#> 7 parch 0.7976 lm
#> 8 fare 0.7986 lm
#> 9 _baseline_ 0.5867 lm
```

`plot(glm_accuracy)`

In a similar way, we can use the `bal_accuracy`

function (balanced accuracy).

```
glm_bal_accuracy <- model_parts(explainer_glm, type = "raw",
loss_function = loss_yardstick(yardstick::bal_accuracy))
glm_bal_accuracy
```

```
#> variable mean_dropout_loss label
#> 1 _full_model_ 0.7397031 lm
#> 2 gender 0.5619733 lm
#> 3 class 0.6788103 lm
#> 4 age 0.7268739 lm
#> 5 embarked 0.7346292 lm
#> 6 sibsp 0.7377564 lm
#> 7 parch 0.7393319 lm
#> 8 fare 0.7396152 lm
#> 9 _baseline_ 0.5051107 lm
```

`plot(glm_bal_accuracy)`

For the loss function, the smaller the values the better the model. Therefore, the importance of variables is often calculated as `loss(perturbed) - loss(original)`

.

But many model performance functions have the opposite characteristic, the higher they are the better (e.g. `AUC`

, `accuracy`

, etc). To maintain a consistent analysis pipeline it is convenient to invert such functions, e.g. by converting to `1- AUC`

or `1 - accuracy`

.

To do it, just add the `reverse = TRUE`

argument.

```
glm_1accuracy <- model_parts(explainer_glm,
loss_function = loss_yardstick(accuracy, reverse = TRUE))
glm_1accuracy
```

```
#> variable mean_dropout_loss label
#> 1 _full_model_ 0.1980 lm
#> 2 fare 0.1974 lm
#> 3 parch 0.1984 lm
#> 4 embarked 0.1986 lm
#> 5 sibsp 0.2035 lm
#> 6 age 0.2152 lm
#> 7 class 0.2525 lm
#> 8 gender 0.3658 lm
#> 9 _baseline_ 0.4144 lm
```

`plot(glm_1accuracy)`

By default the performance is calculated on `N = 1000`

randomly selected observations (to speed up the calculations). Set `N = NULL`

to use the whole dataset.

```
glm_1accuracy <- model_parts(explainer_glm,
loss_function = loss_yardstick(accuracy, reverse = TRUE),
N = NULL)
plot(glm_1accuracy)
```

The following instruction trains a regression model.

The Regression Metrics in the `yardstick`

package assume that the true value is a `numeric`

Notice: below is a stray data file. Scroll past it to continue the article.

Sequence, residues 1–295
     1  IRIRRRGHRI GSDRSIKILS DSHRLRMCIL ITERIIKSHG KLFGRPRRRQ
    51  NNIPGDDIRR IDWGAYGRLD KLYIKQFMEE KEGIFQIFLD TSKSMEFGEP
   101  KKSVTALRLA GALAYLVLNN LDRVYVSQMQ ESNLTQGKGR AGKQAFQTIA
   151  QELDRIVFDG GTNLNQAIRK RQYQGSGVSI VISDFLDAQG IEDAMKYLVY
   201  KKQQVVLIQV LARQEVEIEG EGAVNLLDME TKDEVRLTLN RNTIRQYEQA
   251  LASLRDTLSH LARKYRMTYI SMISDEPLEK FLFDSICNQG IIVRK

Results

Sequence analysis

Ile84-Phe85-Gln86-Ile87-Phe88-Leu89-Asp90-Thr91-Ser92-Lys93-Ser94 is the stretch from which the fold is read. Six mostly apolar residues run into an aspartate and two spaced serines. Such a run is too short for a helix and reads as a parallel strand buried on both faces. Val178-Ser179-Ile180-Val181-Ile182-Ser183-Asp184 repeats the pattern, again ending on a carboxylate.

variable and the model returns a `numeric`

score.

```
explainer_ranger <- DALEX::explain(apartments_ranger, data = apartments[,-1],
y = apartments$m2.price, label = "Ranger Apartments")
```

```
#> Preparation of a new explainer is initiated
#> -> model label : Ranger Apartments
#> -> data : 1000 rows 5 cols
#> -> target variable : 1000 values
#> -> predict function : yhat.ranger will be used ( default )
#> -> predicted values : No value for predict function target column. ( default )
#> -> model_info : package ranger , ver. 0.14.1 , task regression ( default )
#> -> predicted values : numerical, min = 1899.414 , mean = 3488.861 , max = 6046.561
#> -> residual function : difference between y and yhat ( default )
#> -> residuals : numerical, min = -445.4107 , mean = -1.842099 , max = 736.702
#> A new explainer has been created!
```

To make functions from the `yardstick`

compatible with `DALEX`

we must use the `loss_yardstick`

adapter. In the example below we use the `rmse`

function (root mean squared error).

```
ranger_rmse <- model_parts(explainer_ranger, type = "raw",
loss_function = loss_yardstick(rmse))
ranger_rmse
```

```
#> variable mean_dropout_loss label
#> 1 _full_model_ 155.6184 Ranger Apartments
#> 2 no.rooms 316.5036 Ranger Apartments
#> 3 construction.year 392.5758 Ranger Apartments
#> 4 floor 431.6225 Ranger Apartments
#> 5 surface 524.9066 Ranger Apartments
#> 6 district 763.5492 Ranger Apartments
#> 7 _baseline_ 1206.6411 Ranger Apartments
```

`plot(ranger_rmse)`

And one more example for `rsq`

function (R squared).

```
ranger_rsq <- model_parts(explainer_ranger, type = "raw",
loss_function = loss_yardstick(rsq))
ranger_rsq
```

```
#> variable mean_dropout_loss label
#> 1 _full_model_ 0.983377709 Ranger Apartments
#> 2 district 0.326764600 Ranger Apartments
#> 3 surface 0.667962198 Ranger Apartments
#> 4 floor 0.775455846 Ranger Apartments
#> 5 construction.year 0.816108921 Ranger Apartments
#> 6 no.rooms 0.920990517 Ranger Apartments
#> 7 _baseline_ 0.001389768 Ranger Apartments
```

`plot(ranger_rsq)`

I hope that using the `yardstick`

package at `DALEX`

will now be easy and enjoyable. If you would like to share your experience with this package, please create an issue at https://github.com/ModelOriented/DALEX/issues.

```